One of our goals is to analyze data from instruments onboard satellites and space platforms, and to develop concepts for future space missions to study the atmosphere of the Earth and surface-atmosphere interactions.
We are currently involved as co-Is in the development of the following space missions:
Ultraviolet Atmospheric Sensor (UVAS)/SeoSAT
The Ultraviolet and Visible atmospheric Sounder (UVAS), currently in phase C of evaluation for the Spanish Earth Observation SATellite SEOSAT-INGENIO, which is to be launched in 2018, is a new generation instrument for Remote Sensing of Atmospheric Trace Gases. Its primary objective will be to provide global column density maps of trace gases and aerosols related to air quality, atmospheric pollution, anthropogenic greenhouse effect and halogen chemistry.
Microwave sounding instruments.
Many operational weather satellites and scientific satrellites on polar and tropical orbits have instruments using the microwave (MW) range for sounding of the atmosphere. Among those are MHS (AMSU, MetOp), SSMI/S (DMSP) and SAPHIR (MeghaTropiques). We work with data from these instruments to obtain information on upper tropospheric humidity, middle and high altitude temperature. Additionally we work to improve the retrieval of ice cloud properties and development using this spectral range. Over 20 years of data help us to understand the changing climate and improve the assimilation of data in weather models.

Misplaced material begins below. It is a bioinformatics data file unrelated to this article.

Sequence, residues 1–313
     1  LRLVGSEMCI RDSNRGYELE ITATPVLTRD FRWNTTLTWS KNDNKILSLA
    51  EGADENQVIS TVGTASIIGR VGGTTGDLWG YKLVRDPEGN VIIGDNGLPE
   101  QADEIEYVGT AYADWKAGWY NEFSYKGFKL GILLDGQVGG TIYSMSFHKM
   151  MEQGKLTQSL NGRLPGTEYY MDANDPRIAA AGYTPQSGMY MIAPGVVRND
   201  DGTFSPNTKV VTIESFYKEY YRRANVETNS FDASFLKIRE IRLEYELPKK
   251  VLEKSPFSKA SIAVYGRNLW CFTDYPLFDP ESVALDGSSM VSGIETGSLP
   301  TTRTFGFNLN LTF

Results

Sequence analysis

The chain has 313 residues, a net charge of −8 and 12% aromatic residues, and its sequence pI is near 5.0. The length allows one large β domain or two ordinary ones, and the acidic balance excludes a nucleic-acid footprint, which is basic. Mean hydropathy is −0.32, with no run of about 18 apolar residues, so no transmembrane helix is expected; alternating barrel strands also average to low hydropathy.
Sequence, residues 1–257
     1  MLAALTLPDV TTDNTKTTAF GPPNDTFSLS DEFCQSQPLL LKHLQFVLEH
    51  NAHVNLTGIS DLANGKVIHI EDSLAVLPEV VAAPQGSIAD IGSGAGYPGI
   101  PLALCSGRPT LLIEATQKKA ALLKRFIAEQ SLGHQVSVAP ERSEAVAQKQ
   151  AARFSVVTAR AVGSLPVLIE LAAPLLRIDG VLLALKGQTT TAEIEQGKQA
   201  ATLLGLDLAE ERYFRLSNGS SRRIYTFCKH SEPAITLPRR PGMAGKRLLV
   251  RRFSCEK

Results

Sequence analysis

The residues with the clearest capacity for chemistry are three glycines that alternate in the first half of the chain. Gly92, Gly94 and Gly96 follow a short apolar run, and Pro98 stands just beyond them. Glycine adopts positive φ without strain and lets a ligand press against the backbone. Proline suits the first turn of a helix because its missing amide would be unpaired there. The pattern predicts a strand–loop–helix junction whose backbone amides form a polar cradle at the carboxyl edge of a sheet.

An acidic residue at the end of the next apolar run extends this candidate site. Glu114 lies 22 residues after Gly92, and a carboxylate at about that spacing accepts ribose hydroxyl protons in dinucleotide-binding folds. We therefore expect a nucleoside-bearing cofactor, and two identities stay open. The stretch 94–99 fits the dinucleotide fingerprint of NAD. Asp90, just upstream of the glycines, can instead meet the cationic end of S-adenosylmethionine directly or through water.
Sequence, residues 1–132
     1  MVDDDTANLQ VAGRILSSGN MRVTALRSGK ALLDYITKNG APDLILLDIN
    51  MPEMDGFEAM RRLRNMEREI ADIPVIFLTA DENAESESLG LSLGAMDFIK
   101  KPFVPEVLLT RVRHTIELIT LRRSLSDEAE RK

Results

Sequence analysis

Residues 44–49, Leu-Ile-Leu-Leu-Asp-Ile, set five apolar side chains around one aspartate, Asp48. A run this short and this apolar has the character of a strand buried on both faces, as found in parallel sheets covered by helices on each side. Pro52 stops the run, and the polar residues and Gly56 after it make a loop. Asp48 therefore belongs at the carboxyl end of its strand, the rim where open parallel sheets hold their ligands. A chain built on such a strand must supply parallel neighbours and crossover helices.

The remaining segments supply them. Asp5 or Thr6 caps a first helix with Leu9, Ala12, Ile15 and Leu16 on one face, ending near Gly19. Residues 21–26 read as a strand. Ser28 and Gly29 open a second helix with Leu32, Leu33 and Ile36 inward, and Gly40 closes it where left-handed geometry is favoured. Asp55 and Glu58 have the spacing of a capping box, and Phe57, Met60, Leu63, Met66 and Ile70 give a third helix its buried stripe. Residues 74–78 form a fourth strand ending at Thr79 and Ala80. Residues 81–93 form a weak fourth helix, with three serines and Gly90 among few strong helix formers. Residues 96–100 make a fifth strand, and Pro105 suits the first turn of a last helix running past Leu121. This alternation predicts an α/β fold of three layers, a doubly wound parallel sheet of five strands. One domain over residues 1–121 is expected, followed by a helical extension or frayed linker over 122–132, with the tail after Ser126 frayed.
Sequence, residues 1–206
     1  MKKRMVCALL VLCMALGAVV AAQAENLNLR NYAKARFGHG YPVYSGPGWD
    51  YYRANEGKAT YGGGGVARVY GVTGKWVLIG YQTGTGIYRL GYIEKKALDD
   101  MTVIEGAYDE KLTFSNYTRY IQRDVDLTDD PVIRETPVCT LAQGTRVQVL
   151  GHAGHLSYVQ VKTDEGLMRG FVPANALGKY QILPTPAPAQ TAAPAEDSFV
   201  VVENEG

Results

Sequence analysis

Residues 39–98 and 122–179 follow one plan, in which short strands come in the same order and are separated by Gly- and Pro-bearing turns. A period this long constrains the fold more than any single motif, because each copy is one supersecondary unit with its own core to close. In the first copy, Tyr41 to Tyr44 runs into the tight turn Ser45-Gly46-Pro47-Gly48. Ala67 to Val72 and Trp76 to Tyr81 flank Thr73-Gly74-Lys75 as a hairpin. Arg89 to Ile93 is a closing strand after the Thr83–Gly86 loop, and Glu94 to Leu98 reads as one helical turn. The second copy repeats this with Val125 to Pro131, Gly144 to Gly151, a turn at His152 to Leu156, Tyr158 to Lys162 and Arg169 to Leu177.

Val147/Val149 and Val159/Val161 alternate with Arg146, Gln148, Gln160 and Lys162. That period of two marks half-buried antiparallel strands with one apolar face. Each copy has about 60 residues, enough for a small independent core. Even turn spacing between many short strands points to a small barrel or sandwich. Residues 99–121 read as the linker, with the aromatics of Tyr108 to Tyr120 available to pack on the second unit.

The retrieval of atmospheric data using instruments in the far-infrared (FIR) range is another branch in our work. We work with retrievals using this range to understand the role of the FIR for the atmospheric radiation budget and tropospheric heating and cooling rates. This is related to data from REFIR-PAD and we continue supporting the missions FORUM (see the link http://clarreo.larc.nasa.gov/2011-05CLARREO_SDT_Files/Wednesday%20Presentations/Brindley_FORUM_Luca%20Palchetti.pdf, for a short description of the FORUM concept).